GFW Podcast

Much to my surprise, my articles on game design mistakes made it onto last week’s Games for Windows Podcast. I’m a regular listener, so it was cool to hear them talking about this blog. They discussed the first two points and the last, which was the one about stories. Just to be clear, I am not anti-story. I simply believe that designers should acknowledge that including a fixed story in a game comes at a cost to other potential features. Often, this trade-off makes sense – for example, RPG and adventure games would be hard to imagine without stories. However, sometimes games which could have open-ended goals (such as strategy games) limit their replayability by shoehorning in an unnecessary story.

Oh, and they mentioned that my blog is hard to read because the font is too small. Good point. I really need to actually figure out how to use Movable Type soon…

5 thoughts on “GFW Podcast

  1. Your blog is not hard to read! Granted, I read it through my sage, so it is displayed with large, friendly letters. But even if I don’t, I can always press ctrl and scroll my mouse-weel to get bigger text!

    I think your blog is great. Keep it up!

  2. Call me silly, but I loved the story in Alpha Centauri. For a lot of games, I agree with you, but I think that was proof that a story can be very much worthwhile, even for something like a TBS.

  3. Alpha Centauri didn’t really have a story so much as a setting, a backstory at most. And it worked primarily because the factions were all familiar archetypes. There wasn’t any campaign story to follow in any meaningful sense, beyond the recurring reminders that the planet was out to kill everyone.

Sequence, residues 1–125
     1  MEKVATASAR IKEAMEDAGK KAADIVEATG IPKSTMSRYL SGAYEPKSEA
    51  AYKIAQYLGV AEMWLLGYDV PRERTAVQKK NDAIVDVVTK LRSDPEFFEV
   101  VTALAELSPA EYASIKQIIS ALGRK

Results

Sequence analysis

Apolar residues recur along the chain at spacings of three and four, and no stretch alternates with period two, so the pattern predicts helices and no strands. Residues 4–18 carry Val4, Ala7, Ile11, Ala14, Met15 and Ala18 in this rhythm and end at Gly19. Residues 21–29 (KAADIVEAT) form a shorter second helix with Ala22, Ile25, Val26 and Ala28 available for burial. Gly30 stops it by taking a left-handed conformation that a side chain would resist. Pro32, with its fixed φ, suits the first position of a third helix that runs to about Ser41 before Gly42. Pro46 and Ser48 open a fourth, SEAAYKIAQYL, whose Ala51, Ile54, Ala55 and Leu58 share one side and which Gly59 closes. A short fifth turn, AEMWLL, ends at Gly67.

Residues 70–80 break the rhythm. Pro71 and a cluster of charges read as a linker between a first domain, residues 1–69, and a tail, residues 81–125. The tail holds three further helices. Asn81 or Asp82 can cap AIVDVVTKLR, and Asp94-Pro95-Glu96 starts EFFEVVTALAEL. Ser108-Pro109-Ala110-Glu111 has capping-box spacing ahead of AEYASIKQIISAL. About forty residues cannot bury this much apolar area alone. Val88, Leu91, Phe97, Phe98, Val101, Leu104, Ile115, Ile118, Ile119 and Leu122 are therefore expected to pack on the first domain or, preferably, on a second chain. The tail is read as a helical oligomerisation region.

4. I think Alpha Centauri is a really interesting case because, even though its a strategy game, the story elements clearly help give that game its unique flavor. I believe a repetitive, overarching story would have been a mistake for Civ – it would get pretty old by your tenth time through – but it seems to work for SMAC, where you start as an alien in your environment. However, over time, I have come to regard SMAC as more of a RPG than a strategy game. There are a ton of gameplay choices, which makes playing the game a lot more like choosing a “style” than a “strategy”, especially since the AI is somewhat hopeless at dealing with all the advanced options. At any rate, I think they picked an interesting middle ground, one which made good use of story elements.

  5. Soren, I believe you know that your articles are also discussed on the latest Polycast episode (and the next one) ­čÖé

    Speaking about SMAC… doesn’t Brian have a degree in philosophy? I don’t think the game is a RPG, though it certainly has those elements. A poor AI doesn’t mean that it’s no longer a strategy game, after all. You could play with a “style” instead of a “strategy” just because you could beat the AI pretty much whatever you did.

    I think SMAC is unique among strategy games in its use of a story. It has an overarching story that can also be ignored completely (turn off the Interludes and forget about it), but at the same time is fairly deep if you look at it carefully. One of the best storytelling aspects there is having tech quotes by the in-game leaders, it really gives you a perspective on their personality. Some quotes and story points from SMAC are actually good sci-fi and raise interesting moral or philosophical points.

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